There’s a place I know about where the dirt road runs out. And we can try out the four-wheel drive. Come on now what do you say. Girl, I can hardly wait to get a little mud on the tires.

Paisley, Brad. (2003) “Mud on the Tires” on Mud of the Tires [Record], Franklin, TN:

Arista Records.

 ‘Off –roading’ is as much a part of summertime cottage or country life as farming, fishing and family picnics. But don’t let the lyrics above fool you. Although my mother grew up in a small town in the Ottawa Valley and I spent enough time there in my youth, my understanding of country living was limited to some weekends and the odd March Break at Grandma and Grandpa’s farm and whatever I could glean from re-runs of “Dallas” or “The Dukes of Hazzard”. For all intents and purposes, my sisters and I were what our family referred to as ‘city slickers’ with only basic knowledge of rural life. If what I originally knew about RVs would fit on the back of a cocktail napkin [see “On the Road, Again: Clarifying the Liability of Recreational Vehicles in Ontario”, August 18, 2014] , then what I knew of about owning All-Terrain Vehicles [ATVs] prior to researching this piece would fill a matchbook.  Again, I relied on a number of sources to fill in the blanks. Basically, I needed to define exactly what an ATV is, who and what is required to drive one and what the liability issues are for drivers, especially regarding motor vehicle accidents.  The other matter of interest is what provincial statutes cover ATVs and what the common law says when it comes to getting injured on one or injuring others while driving one in Ontario.

To wrap my head around what ‘off-roading’ is I consulted statutes that legislate it. As per   section 1 the Off-Roads Vehicle Act, 1990, [ORVA] an ‘off-road vehicle or ORV means “a vehicle propelled or driven otherwise than by muscular power or wind and designed to travel,

(a) on not more than three wheels, or

(b) on more than three wheels and being of a prescribed class of vehicle; (“véhicule tout terrain” [italics mine] or “all terrain vehicles”)

Although the ORVA provides only a cursory description of an all-terrain vehicle, the Highway Traffic Act, 1990 [HTA], specifically Ontario Regulation 316/03 [HTA Regulation 316/03] gives more detail. Buying a new ATV can cost anywhere between $5,000-$12,000, but used ones go for about $3,000.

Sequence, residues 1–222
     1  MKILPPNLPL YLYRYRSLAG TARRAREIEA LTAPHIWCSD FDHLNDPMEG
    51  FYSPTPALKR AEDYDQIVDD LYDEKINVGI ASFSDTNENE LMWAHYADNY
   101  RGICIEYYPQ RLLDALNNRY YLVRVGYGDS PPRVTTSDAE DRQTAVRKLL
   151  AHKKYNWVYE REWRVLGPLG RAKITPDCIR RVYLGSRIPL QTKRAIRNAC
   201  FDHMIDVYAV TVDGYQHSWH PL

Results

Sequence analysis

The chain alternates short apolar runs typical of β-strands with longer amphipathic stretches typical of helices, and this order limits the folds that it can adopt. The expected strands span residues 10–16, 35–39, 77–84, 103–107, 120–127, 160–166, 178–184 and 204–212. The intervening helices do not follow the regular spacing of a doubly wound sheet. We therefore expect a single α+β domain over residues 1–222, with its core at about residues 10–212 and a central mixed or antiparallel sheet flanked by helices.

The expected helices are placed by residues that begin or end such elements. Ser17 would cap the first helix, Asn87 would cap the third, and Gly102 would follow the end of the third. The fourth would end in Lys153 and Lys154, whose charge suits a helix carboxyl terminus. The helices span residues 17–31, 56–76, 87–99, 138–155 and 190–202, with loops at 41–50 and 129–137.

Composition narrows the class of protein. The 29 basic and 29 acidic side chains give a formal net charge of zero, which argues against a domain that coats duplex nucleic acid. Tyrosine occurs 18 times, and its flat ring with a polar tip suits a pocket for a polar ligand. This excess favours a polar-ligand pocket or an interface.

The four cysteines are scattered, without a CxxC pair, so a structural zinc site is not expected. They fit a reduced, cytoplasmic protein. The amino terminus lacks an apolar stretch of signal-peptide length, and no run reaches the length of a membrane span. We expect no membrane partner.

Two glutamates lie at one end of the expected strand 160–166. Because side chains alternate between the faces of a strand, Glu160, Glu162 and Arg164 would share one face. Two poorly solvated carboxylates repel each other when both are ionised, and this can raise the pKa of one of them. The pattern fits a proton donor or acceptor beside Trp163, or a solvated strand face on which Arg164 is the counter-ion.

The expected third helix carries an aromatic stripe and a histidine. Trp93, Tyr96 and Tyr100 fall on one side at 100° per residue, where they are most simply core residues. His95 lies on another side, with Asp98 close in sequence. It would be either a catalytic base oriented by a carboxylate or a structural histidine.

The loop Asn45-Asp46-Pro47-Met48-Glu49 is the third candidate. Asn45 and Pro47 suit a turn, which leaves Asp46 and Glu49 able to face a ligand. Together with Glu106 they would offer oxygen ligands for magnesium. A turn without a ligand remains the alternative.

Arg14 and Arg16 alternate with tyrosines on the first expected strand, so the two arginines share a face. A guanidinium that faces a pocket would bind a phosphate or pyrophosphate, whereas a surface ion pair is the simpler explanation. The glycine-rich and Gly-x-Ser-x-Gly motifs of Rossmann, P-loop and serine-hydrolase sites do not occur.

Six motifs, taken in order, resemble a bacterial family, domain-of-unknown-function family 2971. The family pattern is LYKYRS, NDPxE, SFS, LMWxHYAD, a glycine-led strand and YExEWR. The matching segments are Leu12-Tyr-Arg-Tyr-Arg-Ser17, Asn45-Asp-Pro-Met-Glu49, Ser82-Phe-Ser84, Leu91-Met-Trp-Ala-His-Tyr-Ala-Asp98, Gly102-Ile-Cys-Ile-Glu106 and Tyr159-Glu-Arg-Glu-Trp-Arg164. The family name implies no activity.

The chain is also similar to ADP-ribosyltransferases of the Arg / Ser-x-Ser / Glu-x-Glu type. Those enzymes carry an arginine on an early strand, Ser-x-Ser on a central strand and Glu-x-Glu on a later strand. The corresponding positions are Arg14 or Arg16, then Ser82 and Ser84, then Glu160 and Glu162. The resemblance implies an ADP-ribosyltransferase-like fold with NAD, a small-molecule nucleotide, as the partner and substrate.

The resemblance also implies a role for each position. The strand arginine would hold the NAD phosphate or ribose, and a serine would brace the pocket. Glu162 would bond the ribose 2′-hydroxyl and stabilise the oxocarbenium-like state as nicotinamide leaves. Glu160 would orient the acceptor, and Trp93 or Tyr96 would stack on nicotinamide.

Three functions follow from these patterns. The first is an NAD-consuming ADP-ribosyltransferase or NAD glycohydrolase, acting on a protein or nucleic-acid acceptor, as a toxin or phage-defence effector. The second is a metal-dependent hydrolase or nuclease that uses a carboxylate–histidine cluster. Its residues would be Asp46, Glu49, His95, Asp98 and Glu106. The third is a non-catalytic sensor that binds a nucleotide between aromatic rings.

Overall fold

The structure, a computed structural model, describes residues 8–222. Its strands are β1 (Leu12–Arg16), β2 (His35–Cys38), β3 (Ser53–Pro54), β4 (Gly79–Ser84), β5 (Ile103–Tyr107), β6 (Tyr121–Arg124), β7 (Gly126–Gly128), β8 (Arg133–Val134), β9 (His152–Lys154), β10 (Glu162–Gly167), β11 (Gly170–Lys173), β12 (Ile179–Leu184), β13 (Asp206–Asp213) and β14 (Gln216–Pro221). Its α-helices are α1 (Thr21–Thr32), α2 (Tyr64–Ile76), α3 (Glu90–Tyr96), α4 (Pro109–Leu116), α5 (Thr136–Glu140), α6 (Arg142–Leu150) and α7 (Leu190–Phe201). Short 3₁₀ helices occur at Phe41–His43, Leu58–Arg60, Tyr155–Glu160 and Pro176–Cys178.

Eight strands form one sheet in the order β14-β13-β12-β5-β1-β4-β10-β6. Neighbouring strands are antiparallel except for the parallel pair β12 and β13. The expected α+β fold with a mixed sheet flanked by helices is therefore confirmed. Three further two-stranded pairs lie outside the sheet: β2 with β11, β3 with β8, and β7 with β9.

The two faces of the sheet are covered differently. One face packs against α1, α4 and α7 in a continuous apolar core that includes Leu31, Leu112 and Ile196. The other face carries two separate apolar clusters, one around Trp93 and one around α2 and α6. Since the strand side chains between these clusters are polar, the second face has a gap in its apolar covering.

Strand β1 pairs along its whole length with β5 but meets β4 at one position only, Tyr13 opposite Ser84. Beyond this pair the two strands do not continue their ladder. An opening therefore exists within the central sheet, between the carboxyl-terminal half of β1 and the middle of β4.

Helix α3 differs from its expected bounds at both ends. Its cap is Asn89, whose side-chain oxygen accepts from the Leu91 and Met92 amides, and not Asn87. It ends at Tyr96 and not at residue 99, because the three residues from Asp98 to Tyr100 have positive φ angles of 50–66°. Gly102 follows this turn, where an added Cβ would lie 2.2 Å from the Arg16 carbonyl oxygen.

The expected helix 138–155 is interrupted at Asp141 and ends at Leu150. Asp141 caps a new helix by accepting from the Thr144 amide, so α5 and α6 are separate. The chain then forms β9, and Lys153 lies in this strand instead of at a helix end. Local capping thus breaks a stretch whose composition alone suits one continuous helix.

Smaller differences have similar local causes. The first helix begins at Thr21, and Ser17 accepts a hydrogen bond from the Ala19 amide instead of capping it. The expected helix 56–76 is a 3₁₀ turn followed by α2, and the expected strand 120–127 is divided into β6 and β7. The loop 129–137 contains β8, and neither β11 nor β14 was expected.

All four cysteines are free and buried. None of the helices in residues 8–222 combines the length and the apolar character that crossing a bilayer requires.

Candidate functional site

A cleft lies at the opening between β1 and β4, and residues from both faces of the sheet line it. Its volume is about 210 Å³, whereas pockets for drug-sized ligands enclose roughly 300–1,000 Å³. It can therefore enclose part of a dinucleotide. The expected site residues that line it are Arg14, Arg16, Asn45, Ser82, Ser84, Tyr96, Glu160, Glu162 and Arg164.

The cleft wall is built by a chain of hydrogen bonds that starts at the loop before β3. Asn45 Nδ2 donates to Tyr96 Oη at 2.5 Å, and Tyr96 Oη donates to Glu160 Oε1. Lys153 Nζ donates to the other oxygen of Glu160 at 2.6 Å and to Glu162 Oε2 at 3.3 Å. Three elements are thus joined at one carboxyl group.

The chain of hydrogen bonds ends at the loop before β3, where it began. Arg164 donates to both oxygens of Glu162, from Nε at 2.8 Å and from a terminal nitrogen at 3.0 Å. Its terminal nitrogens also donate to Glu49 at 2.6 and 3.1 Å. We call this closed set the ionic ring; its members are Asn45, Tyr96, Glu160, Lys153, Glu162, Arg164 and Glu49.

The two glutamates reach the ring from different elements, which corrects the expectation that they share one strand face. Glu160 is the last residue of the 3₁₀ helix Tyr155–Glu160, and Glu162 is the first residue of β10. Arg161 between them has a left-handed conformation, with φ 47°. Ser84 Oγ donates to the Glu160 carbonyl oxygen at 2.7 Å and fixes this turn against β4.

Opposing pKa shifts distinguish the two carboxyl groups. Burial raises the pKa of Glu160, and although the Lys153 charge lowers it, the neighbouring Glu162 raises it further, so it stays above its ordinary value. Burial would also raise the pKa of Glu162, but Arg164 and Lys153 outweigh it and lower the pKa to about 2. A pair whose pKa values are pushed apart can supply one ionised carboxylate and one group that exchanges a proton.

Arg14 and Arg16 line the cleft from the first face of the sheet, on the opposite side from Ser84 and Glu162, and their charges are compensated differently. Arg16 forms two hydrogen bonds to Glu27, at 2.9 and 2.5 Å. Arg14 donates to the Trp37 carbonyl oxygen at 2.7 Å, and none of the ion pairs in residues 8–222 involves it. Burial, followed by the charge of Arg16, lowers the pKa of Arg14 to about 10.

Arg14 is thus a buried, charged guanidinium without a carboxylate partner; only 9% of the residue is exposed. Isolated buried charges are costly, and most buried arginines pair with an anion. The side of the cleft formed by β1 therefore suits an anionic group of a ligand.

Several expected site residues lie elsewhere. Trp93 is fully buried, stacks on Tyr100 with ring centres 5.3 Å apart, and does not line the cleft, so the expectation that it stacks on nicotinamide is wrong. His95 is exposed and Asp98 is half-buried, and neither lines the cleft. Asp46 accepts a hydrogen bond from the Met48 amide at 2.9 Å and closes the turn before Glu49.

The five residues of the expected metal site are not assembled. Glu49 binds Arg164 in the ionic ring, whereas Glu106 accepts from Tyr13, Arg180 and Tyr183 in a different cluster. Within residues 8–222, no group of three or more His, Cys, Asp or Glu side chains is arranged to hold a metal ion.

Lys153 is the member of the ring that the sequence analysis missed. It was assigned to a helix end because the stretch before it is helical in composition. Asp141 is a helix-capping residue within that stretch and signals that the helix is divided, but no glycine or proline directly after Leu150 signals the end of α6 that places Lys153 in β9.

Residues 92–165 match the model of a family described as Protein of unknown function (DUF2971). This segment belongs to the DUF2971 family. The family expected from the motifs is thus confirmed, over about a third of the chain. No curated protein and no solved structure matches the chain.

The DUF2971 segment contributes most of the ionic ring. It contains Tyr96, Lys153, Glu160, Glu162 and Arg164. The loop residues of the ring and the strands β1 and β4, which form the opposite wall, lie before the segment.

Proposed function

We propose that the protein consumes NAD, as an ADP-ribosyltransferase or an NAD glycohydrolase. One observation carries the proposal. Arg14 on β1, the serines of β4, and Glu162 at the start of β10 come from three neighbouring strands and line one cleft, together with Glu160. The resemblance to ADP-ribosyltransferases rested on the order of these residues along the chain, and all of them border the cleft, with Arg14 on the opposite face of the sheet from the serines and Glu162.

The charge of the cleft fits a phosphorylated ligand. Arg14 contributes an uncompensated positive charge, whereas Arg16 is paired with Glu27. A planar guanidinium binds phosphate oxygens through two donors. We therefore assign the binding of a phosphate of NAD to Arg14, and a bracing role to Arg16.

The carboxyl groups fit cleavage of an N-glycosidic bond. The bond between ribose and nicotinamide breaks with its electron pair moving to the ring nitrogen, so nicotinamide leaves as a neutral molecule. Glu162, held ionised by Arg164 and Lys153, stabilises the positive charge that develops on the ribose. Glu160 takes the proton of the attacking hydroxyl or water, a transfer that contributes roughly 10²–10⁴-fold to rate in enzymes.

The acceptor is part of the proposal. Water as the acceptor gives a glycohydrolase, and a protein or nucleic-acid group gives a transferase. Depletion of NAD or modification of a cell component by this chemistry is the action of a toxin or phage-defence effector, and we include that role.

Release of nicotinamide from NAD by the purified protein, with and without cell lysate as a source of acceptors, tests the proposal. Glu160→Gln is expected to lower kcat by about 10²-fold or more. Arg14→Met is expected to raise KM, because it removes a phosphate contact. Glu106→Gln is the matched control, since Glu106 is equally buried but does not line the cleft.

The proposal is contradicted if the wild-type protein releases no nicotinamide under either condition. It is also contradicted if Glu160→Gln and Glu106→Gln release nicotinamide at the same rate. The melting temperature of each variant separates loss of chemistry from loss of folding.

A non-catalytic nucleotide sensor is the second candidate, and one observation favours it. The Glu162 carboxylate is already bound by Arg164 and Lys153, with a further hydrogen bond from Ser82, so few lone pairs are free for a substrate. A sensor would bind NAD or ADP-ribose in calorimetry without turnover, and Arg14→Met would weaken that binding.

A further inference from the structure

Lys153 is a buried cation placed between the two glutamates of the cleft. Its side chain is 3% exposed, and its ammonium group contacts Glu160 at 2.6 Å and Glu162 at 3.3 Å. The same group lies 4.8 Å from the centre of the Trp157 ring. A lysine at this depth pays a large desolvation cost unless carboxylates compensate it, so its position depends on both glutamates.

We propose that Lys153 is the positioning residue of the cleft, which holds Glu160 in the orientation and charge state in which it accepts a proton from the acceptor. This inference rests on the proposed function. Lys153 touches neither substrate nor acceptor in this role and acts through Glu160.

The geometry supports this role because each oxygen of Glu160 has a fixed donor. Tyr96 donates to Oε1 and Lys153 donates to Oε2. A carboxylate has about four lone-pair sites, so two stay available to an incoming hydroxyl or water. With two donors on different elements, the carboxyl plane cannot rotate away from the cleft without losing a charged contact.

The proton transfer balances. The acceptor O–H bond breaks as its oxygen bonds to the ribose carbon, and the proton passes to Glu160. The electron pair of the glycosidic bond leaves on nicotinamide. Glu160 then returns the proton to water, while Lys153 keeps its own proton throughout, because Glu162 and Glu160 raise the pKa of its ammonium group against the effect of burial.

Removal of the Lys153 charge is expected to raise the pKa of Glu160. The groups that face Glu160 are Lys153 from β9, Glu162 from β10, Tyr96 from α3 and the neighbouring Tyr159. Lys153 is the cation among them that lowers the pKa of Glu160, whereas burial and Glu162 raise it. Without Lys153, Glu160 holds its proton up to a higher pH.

As per the Ministry of Transportation’s [MTO] guide Smart Ride. Safe Ride: What You Need to Know to Operate an ATV in Ontario, ATVs can be used for off-roading’ or ‘on-roading’. There are 3 types of ATVs: single riders, ‘two-ups’ or ‘side-by-side’ ATVs. Single rider ATVs have: four wheels, the tires of which are all in contact with the ground; have steering handlebars; have seats that are designed to be straddled by the driver and are designed to carry the driver only and no passengers. The ‘two-up’ is similar, except it has a passenger seat directly behind the driver. Please note a single rider ATV that has been modified to carry a passenger by installing an after-market seat and pegs is not considered a ‘two-up’ ATV.

Side-by side vehicles have a driver and passenger seating beside each other, similar to a car. They are usually built with a hood, a steering wheel and foot pedals, instead of motorcycle-type handle bars and thumb throttle. All 3 types of ATVs must be registered and display a rear license plate. They must also be insured as per section 15 (1) of the Off-Roads Vehicle Act, 1990 which states: “no person shall drive an off-road vehicle unless it is insured under a motor vehicle liability policy in accordance with the Insurance Act.” To drive all 3 you must also carry their vehicle’s registration or a true copy and they must also wear an approved motorcycle helmet that is securely fastened under the chin with a chin strap. Finally, all 3 types of ATVs must

meet the requirements of the federal Motor Vehicle Safety Act, 1993 and U.S. ANSI standards.

If the above description doesn’t seem that peculiar, than the fact that you can [with some exceptions] be pre-pubescent and allowed on one of these bad boys without any license certainly is. Yes, you heard me, Mom and Dad. According to section 4 of the HTA Regulation 316/03, a child of 12 years of age can legally drive an ATV off-road. Children under 12 years of age may also so do if “they are under the close supervision of an adult.” Now, if that doesn’t give a parent pause…but, I digress. When it comes to ‘off–roading’, these driving pre-teen sensations and their older counterparts, can only directly cross a highway in any of these 3 vehicles (where permitted), if they are at least 16 years old and hold a valid G2 or M2 license or greater . However, that right is not unlimited and varies from district to district. For a list of highways in Ontario where all 3 kinds of ATVs are permitted or prohibited from crossing, please check the ORVA, Regulation 863, Schedule 1 at: e-laws.gov.on.ca.

When it comes to ‘on-roading’, drivers face a different set of requirements from MTO. An ATV that weighs 450 kg or less and that has an overall width not greater than 1.35m (minus mirrors) may travel along some provincial highways and on municipal roads, only if the municipality has a bylaw permitting their use. An ATV is allowed to travel on Highways 500 to 899, 7000 series highways, the Queen Elizabeth Way, and sections of the Trans-Canada Highway. Like with ‘off-roading’, drivers who want to ‘on-road’ must be 16 years old and hold a valid G2 or M2 license or greater, if they want to directly cross a highway in any of these 3 vehicles (where permitted).